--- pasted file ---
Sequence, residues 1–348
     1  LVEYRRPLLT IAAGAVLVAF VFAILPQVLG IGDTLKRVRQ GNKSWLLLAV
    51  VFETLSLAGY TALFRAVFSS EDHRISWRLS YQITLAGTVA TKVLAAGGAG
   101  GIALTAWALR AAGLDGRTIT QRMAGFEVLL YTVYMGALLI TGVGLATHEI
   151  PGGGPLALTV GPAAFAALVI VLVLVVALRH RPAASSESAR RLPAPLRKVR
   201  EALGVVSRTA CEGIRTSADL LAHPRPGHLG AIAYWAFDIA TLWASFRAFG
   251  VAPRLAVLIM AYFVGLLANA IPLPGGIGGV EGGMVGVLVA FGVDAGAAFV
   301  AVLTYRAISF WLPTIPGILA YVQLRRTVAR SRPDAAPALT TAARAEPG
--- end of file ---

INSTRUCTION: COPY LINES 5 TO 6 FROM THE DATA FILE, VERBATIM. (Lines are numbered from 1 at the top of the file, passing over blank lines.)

   151  PGGGPLALTV GPAAFAALVI VLVLVVALRH RPAASSESAR RLPAPLRKVR
   201  EALGVVSRTA CEGIRTSADL LAHPRPGHLG AIAYWAFDIA TLWASFRAFG